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By the beginning of October, INSYS was back to even for the year but it's now down 30% year to date after it released third-quarter earnings and a plan for its opioid-related assets earlier this month.
Monetizing a declining asset
INSYS' claim to fame is Subsys, a very strong opioid called fentanyl that's delivered via a spray. Unfortunately, sales peaked in 2015 and have rapidly declined as the opioid crisis has caused doctors to crack down on prescribing the drug and other opioids, especially outside its approved purpose.
INSYS notes that it's capturing half of new patients, but without the previous off-label sales, use of the drug mostly is limited to patients with breakthrough cancer pain who are tolerant of weaker opioids (the FDA-approved label).
Rather than collect the revenue that's dribbling in, INSYS has decided to sell off Subsys and a pair of opioid sprays that are in development. The company is gussying up Subsys to make it as attractive as possible. It signed a licensing agreement with Lunatus to sell the drug in the Middle East and is working on deals for other regions, including Europe and Asia.
Even though the market has contracted, Subsys might be valuable to another company, especially if there are synergies -- which would be the case if the other company already has a sales force selling drugs to cancer doctors. If INSYS can find a buyer at a decent price, the sale will bring in much needed cash to fund the rest of its pipeline. INSYS ended the third quarter with just $113 million in the bank.
In addition to the aforementioned epinephrine nasal spray, INSYS has an oral solution cannabidiol, one of the compounds in marijuana, that it's testing in a phase 3 study for infantile spasms and a pair of phase 2 studies for childhood absence epilepsy and a rare genetic obesity disorder called Prader-Willi syndrome.
INSYS also is using its nasal-spray technology to develop a naloxone product for use in opioid overdose. Since naloxone already is approved as a treatment for opioid overdose through other forms of delivery, the clinical pathway to approval is relatively simple and the clinical studies already are complete. This puts INSYS on track to file for an approval in the first quarter of next year. Unfortunately, the easier pathway to approval also means there will be plenty of competition with other naloxone products once INSYS hits the market.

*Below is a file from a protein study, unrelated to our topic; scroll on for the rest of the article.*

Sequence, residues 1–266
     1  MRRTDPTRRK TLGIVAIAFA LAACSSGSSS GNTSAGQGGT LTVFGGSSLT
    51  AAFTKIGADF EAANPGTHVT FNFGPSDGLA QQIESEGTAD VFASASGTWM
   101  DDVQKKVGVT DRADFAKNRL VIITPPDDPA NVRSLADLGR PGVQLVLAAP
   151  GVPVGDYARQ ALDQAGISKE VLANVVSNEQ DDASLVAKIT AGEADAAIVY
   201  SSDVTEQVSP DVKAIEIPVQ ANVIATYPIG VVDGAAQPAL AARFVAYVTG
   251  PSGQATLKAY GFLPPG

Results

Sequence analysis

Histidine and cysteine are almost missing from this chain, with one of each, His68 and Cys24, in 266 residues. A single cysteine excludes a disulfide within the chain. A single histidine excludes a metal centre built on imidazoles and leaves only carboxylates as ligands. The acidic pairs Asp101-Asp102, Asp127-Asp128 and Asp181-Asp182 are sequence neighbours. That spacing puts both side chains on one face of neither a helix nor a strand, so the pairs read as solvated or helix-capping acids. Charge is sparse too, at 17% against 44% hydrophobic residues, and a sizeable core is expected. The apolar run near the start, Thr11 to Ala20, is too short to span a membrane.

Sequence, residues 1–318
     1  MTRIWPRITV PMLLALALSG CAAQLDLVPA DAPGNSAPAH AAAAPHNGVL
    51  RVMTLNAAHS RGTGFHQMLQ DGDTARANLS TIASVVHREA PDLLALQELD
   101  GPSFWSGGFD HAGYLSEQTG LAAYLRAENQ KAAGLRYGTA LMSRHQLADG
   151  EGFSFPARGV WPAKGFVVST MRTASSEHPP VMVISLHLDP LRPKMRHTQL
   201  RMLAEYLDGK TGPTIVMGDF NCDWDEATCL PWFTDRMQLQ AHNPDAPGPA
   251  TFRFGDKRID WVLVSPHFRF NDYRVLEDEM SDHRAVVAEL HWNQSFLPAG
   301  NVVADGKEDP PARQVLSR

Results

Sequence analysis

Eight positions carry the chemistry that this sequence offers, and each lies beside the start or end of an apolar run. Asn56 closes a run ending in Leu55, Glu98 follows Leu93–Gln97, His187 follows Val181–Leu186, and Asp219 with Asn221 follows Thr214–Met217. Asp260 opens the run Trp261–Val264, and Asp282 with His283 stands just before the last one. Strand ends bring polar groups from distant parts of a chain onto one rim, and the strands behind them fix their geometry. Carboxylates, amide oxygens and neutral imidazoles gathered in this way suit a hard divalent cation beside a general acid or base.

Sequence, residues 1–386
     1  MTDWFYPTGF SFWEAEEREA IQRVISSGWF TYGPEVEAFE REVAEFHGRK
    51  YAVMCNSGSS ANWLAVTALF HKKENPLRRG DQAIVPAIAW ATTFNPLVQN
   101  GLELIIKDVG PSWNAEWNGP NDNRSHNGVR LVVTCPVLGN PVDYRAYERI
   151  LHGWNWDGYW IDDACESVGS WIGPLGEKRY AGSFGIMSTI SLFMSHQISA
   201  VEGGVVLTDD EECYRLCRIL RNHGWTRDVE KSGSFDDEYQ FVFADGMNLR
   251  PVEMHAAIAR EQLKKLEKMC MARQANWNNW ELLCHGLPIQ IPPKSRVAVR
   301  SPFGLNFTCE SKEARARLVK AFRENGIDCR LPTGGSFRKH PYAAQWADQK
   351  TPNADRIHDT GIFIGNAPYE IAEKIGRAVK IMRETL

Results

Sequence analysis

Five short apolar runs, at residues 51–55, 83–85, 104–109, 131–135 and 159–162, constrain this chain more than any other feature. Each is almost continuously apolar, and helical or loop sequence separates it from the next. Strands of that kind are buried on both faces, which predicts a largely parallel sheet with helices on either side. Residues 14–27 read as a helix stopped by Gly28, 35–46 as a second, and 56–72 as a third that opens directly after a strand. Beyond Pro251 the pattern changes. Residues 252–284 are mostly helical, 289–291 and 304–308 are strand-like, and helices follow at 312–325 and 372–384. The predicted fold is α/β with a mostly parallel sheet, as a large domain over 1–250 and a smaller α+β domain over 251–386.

Value or value trap?
At a market cap of $490 million, INSYS is relatively cheap, but it's certainly not insanely undervalued, either. The company's near-term value likely will be determined by how much INSYS can get for its opioid business, but valuing it is tricky because it isn't clear exactly how much another company might be willing to pay for the declining asset.
At five times Subsys' third-quarter run rate, INSYS' opioid business could be worth around $350 million, giving little value to the company's pipeline. But it'll likely be hard for INSYS to find a buyer at that standard valuation.
At a more realistic and perhaps not even conservative enough two times the third-quarter run rate, the assets are only worth about $140 million, making the company's pipeline look substantially more expensive. That's especially true since much of the cash INSYS would get in the sale will be used up before the company can get to profitability. The company could even have to go back to the well for additional capital through a secondary offering, diluting shareholders.
The best strategy for investors likely is to take a wait-and-see approach until they know the price INSYS receives for its opioid business. They then can decide on a valuation. If the company gets a good price, investors may miss a big move but they'll avoid the risk if a big sale doesn't materialize.
Even if the company's stock has a nice run up, there still may be an opportunity to buy at a decent price down the line, given how volatile the stock has been in the past,
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